Downtown to the Northeast

Six weeks ago I posted the following on Facebook with a link to a story about a shooting at the gas station kitty corner to our apartment:

Two years ago if you told me I’d hear more gunshots in Ithaca than I ever heard in 15 years living in LA (Palms) I wouldn’t have believed you. Now, helicopters? Definitely not hearing those here.

I was awake when the shooting happened and the noise woke up Xavi. He asked “what’s that noise?!” before going back to sleep.

I truly wasn’t exaggerating. Palms isn’t the safest area of LA and more than once I saw LAPD on my block. One time they wouldn’t let me back on to my street as they searched for a suspect. I had to sleep somewhere that night, so I crashed at my friend Alfred’s couch. Another time on my way back from a run an officer stopped me and once again I had to wait. I could see and hear the helicopters overhead. I remember the homicide of a teenaged girl walking home from the high school around the corner.

I knew LA, though. I felt safe enough in my neighborhood to go for runs after 10 pm. 

No accidents on this side

But Ithaca threw me for a loop. I should’ve done my homework.

When we were planning our move we didn’t have a chance to visit to look for an apartment. Instead, we relied on some new contacts to share leads and info about the neighborhoods. One guy, P, told us he’d ask his landlord if they had any vacancies coming up and shared info on where he lived. The location was just six blocks from the Commons. It was 1.5 miles away from Cornell and close to several bus lines. It was in our budget, furnished (a plus so we could cut down on the furniture we needed to move and thus save some money), rather newly built, had parking, no snow shoveling required, and best of all P didn’t have any concerns about the apartments or the landlords.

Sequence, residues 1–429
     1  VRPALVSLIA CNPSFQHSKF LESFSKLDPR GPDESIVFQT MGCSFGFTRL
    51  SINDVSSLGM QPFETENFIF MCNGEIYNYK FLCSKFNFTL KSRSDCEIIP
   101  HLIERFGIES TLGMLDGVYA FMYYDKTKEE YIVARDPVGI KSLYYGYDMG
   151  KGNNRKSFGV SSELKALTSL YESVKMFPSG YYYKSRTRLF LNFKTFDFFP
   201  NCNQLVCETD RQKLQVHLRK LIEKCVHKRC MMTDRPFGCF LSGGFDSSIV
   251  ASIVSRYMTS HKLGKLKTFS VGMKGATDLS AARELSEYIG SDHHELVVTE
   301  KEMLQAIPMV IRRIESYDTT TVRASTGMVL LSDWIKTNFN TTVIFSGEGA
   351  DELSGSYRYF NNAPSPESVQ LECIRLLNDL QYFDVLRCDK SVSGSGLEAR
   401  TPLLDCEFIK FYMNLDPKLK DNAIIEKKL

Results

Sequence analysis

Sign us up!

It was fine until I realized we were three floors up without an elevator, the windows didn’t have bars and we were at a major intersection near the ambulance dispatch place and the railroad tracks (a plus for Xavi). 

This is a diesel. I want to see a steam engine.

That summer when people asked how we were settling in, I brought up the noise. If it wasn’t the emergency vehicles, it was motorcycles, trucks and speedsters.

Our second year we got used to the noise and kept the windows closed more often. It was cooler that way and they blocked a lot of the noise. That didn’t help the crazy though. There were a couple of shootings, a stabbing and several car accidents. One collision sent an SUV in to the heavy wood planters surrounding the main door. That’s the same door I’d take on my way to the bus stop or to walk the six blocks to the Commons. The people involved in the accidents we heard were all okay.

All this didn’t make us decide to move. I liked living close to all the things. We could easily walk to church, the library, a number of parks, playgrounds, waterfalls, work, and the Commons. But for a family of four, the two bedroom apartment was too small. Plus, I really wanted someplace where the kids could play outside close by. The park a block away was fine for bubbles and kicking around a soccer ball, but it could also be little sketch. I didn’t want Xavi asking “what’s that funny smell?” or “what’s he doing?” if we saw someone smoking weed.

Unsure about all this nature and bugs

A few days ago we traded downtown Ithaca life for what counts as the suburbs of Ithaca. 

Good thing it’s been a few years since I read Into the Woods

We’ve been here three days and have seen two deer, gotten a bunch of mosquito bites from being at the playground and local running/walking path, and met two boys close in age to Xavi. He’s complained about kids playing basketball outside and clamored for a bicycle.

It’s not bedtime yet, is it, daddy?

And you know what? I think it’s the perfect time.

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